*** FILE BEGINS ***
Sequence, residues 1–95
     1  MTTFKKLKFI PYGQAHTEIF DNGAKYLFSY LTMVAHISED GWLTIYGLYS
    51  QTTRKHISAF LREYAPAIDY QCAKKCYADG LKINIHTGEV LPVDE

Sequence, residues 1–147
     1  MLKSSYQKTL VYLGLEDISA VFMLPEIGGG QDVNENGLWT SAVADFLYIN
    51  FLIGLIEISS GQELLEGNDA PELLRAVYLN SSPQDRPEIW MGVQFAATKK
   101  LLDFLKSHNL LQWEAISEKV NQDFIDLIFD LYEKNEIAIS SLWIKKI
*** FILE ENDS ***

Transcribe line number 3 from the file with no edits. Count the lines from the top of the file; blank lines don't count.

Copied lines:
    51  QTTRKHISAF LREYAPAIDY QCAKKCYADG LKINIHTGEV LPVDE